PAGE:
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The Book of the Year: A Brief History of Our Seasonal Holidays Paperback – February 26, 2004

ISBN-13: 978-0195171549 ISBN-10: 0195171543

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The Book of the Year: A Brief History of Our Seasonal Holidays + The Pagan Book of Days: A Guide to the Festivals, Traditions, and Sacred Days of the Year
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Product Details

  • Paperback: 224 pages
  • Publisher: Oxford University Press (February 26, 2004)
  • Language: English
  • ISBN-10: 0195171543
  • ISBN-13: 978-0195171549
  • Product Dimensions: 8 x 5 x 0.6 inches
  • Shipping Weight: 6.6 ounces (View shipping rates and policies)
  • Average Customer Review: 3.5 out of 5 stars  See all reviews (2 customer reviews)
  • Amazon Best Sellers Rank: #545,429 in Books (See Top 100 in Books)

Editorial Reviews

From Publishers Weekly

Why do we celebrate Easter by telling children that a rabbit will bring them eggs and candy? Why do we make New Year's resolutions? Why do we engage in rituals like bobbing for apples on Halloween, watching football on Thanksgiving, and giving chocolate on Valentine's Day? Aveni, a professor of astronomy and anthropology at Colgate, provides answers to these and many other questions in this delightful little book about the origins and modern development of our holidays. Our red-letter days, he contends, have evolved over the centuries as various cultures use them to reflect specific cultural concerns. For example, Halloween can be traced back to the Celtic festival Samhain, the official first day of winter in early medieval Ireland. On that day, spirits roamed the earth, revisiting their homes, pleading with their relatives for prayers, and eating a warm meal before they returned to their graves. While the modern celebration of Halloween resembles Samhain, Aveni argues that the holiday provides adults with an opportunity to cope with the fear of the unknown by allowing children to dress as ghosts, goblins and spirits. Overall, Aveni contends, we try to gain some control over nature and our lives by capturing the rhythms of the seasons on our calendars and by dividing our lives into segments governed by special days. Although not a thorough and definitive study of seasonal holidays, Aveni's book provides entertaining glimpses into the cultural evolution of holidays, and explores our human desire to make time work in our favor.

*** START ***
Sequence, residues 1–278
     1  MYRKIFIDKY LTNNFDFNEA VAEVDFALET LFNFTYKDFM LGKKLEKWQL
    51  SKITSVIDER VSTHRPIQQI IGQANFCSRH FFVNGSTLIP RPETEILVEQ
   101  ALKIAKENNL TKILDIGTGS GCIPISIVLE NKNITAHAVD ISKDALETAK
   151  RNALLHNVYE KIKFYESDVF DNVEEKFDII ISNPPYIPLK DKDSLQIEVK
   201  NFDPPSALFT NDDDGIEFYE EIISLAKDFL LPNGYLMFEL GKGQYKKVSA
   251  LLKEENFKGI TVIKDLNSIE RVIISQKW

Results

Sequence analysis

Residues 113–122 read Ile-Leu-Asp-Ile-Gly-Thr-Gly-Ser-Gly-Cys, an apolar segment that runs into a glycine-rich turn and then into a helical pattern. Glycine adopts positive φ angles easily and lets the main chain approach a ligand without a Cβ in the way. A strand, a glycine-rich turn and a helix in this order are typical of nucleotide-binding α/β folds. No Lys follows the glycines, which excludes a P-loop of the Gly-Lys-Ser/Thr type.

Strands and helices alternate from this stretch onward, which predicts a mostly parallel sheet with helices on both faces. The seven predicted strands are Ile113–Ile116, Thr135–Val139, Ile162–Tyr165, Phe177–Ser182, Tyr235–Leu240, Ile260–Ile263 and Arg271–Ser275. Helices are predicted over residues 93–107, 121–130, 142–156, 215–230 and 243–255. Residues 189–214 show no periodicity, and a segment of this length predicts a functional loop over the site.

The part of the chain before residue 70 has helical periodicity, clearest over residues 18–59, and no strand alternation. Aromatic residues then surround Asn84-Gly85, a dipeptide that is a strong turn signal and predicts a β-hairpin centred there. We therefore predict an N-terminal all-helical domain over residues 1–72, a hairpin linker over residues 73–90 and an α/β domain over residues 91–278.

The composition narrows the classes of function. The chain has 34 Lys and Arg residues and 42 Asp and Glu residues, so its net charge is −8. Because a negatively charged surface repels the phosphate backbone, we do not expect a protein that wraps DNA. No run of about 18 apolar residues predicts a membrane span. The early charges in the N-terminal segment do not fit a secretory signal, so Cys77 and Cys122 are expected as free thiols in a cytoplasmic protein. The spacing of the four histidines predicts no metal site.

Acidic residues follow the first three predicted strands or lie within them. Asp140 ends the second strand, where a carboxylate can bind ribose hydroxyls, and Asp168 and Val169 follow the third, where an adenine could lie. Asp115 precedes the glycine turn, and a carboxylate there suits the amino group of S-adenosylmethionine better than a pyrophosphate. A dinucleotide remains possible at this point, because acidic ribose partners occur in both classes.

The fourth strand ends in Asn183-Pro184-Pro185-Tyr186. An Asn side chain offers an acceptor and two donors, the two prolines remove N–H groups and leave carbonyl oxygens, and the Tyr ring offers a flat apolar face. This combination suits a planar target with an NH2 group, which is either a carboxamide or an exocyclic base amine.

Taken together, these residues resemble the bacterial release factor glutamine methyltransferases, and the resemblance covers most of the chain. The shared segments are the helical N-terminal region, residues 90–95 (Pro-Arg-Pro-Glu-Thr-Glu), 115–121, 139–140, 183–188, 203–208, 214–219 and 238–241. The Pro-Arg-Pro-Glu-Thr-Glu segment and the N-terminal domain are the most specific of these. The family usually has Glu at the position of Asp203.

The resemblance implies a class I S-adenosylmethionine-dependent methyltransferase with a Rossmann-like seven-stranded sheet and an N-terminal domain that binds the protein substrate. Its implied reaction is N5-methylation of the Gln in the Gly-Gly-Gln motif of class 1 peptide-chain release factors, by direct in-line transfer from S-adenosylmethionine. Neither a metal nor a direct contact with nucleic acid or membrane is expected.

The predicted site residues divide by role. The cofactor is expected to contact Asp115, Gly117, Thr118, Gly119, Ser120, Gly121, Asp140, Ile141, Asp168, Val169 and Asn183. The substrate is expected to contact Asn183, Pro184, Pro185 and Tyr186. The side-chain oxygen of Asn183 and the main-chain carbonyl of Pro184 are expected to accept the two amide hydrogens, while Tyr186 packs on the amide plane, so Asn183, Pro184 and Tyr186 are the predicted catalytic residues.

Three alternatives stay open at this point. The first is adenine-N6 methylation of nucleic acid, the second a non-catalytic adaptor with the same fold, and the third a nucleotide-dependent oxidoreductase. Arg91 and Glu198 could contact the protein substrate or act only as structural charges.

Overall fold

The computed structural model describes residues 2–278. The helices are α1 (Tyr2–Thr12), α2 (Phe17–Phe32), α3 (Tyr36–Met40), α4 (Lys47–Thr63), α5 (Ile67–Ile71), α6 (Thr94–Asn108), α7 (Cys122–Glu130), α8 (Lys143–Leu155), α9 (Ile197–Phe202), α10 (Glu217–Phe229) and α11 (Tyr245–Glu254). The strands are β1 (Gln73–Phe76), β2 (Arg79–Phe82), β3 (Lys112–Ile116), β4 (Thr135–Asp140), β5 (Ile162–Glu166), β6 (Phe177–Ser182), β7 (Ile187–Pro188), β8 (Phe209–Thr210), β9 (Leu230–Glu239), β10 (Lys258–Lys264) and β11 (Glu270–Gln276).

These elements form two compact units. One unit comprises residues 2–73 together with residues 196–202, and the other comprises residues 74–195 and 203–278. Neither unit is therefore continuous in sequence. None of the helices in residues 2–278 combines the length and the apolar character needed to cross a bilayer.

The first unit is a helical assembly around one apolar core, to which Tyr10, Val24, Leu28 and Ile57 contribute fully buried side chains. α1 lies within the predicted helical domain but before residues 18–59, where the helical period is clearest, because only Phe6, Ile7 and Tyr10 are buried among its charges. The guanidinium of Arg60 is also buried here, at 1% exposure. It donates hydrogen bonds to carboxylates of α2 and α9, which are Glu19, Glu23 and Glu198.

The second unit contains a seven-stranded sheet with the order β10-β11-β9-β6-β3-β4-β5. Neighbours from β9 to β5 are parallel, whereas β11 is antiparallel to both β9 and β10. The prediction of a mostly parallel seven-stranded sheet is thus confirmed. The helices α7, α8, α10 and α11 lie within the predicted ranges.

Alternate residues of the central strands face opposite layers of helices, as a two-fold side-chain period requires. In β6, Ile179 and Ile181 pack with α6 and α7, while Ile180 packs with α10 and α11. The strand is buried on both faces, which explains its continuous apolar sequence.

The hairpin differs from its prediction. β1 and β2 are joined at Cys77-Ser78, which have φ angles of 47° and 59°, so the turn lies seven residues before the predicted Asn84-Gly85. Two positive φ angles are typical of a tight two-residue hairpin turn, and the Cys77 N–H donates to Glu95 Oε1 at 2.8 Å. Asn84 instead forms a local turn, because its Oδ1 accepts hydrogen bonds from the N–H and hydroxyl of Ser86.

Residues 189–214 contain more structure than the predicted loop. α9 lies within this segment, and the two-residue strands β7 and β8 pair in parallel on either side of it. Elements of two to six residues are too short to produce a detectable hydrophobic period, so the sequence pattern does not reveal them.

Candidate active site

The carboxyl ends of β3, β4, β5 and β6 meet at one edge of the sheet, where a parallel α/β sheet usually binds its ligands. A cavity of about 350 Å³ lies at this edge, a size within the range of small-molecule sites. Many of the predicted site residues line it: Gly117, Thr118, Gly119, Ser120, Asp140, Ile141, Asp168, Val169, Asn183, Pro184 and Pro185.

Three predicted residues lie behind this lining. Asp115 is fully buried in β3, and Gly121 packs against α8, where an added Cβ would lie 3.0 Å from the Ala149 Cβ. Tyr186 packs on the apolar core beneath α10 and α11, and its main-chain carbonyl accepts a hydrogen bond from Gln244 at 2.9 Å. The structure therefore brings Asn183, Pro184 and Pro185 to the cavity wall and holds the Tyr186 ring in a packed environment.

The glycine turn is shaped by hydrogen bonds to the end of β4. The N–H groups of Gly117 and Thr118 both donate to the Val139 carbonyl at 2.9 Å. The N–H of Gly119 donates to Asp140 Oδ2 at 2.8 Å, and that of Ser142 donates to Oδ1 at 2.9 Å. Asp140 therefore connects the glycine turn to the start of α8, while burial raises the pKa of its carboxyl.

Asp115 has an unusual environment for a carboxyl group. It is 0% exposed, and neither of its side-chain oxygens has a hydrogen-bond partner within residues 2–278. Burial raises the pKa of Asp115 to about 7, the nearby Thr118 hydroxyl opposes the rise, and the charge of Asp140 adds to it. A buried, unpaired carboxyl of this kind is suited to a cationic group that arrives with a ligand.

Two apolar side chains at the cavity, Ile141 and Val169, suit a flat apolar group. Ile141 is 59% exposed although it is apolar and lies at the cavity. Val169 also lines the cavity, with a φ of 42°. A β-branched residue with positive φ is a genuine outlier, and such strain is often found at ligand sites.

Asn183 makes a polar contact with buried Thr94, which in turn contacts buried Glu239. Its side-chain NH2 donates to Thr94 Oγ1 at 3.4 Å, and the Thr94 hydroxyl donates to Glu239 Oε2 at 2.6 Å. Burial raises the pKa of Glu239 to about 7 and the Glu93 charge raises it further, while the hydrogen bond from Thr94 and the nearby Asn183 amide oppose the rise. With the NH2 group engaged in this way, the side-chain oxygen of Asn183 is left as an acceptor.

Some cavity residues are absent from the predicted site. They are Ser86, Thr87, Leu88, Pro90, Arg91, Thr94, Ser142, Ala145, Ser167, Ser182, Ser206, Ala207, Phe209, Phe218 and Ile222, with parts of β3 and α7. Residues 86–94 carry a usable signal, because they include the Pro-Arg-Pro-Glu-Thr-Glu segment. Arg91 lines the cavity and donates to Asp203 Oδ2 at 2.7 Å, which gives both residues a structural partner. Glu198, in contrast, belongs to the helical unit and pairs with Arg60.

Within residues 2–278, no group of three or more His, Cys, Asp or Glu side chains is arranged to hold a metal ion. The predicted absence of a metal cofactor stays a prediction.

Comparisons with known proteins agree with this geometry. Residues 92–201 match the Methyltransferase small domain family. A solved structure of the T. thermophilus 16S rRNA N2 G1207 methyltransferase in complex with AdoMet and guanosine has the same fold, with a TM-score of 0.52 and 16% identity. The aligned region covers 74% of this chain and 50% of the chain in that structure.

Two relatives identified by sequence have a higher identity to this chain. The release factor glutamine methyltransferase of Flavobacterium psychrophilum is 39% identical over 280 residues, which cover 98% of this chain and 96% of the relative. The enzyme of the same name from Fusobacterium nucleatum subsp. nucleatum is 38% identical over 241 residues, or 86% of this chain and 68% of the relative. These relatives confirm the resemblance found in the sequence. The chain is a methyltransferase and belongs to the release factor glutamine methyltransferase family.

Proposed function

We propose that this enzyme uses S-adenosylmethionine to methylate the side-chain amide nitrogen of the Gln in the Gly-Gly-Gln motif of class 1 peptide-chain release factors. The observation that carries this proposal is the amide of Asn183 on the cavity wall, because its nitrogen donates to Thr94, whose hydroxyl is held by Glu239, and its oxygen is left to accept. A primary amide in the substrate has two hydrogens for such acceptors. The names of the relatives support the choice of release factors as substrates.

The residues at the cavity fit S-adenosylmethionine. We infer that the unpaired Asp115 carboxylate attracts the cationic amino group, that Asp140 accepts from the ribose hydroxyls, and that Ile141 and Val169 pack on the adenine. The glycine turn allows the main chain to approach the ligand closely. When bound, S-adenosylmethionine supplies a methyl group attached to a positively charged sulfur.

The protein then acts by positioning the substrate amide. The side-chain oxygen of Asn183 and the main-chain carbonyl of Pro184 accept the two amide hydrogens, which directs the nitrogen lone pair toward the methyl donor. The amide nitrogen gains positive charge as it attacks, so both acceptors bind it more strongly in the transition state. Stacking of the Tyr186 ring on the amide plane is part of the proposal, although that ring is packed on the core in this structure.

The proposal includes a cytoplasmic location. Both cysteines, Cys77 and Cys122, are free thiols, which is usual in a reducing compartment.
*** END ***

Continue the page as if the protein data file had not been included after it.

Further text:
Copyright 2002 Reed Business Information, Inc. --This text refers to an out of print or unavailable edition of this title.

Review


"An enchantingly readable, sophisticated yet utterly accessible tracing of major holidays and why and where they arose.... Anyone who digs into this lovely little book... will be quoting citations from it for the next generation."--Baltimore Sun


"Delightful.... Aveni's book provides entertaining glimpses into the cultural evolution of holidays, and explores our human desire to make time work in our favor."--Publishers Weekly


"Anthony Aveni never ceases to amaze me with his ability to explain in charming, intelligent prose the many ways that human societies have been shaped by the rhythms and cycles of the natural world. In The Book of the Year, he's done it again."--Steven Lagerfeld, Editor, The Wilson Quarterly



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33 of 36 people found the following review helpful By Ted Kaye on July 8, 2006
Format: Paperback
Aveni had a great opportunity, and he blew it with inconsistent delivery and narcissistic self-reference. This might be a fine book if entitled "A Professor Ruminates on Holidays". However, huge digressions into his personal experiences of solstice ceremonies in Latin America, for example, spoil the narrative rhythm and the scholarly tone.

I expected a soundly researched chronological history of major seasonal holidays, with their sources, evolution, and traditions clearly articulated. If you want that too, don't buy the book.

Instead, this is an interesting series of essays, with too-poor documentation, that pique the reader's interest in holidays but leaves him unsatisfied.
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By J. Emerson on May 24, 2013
Format: Paperback Verified Purchase
This is book for those who want to know of and learn about how it became what it is. It requires a open mind for it contradicts everything as we know it, with regard to celebration and truth of the holidays. As a reminder, stay cool,,,,
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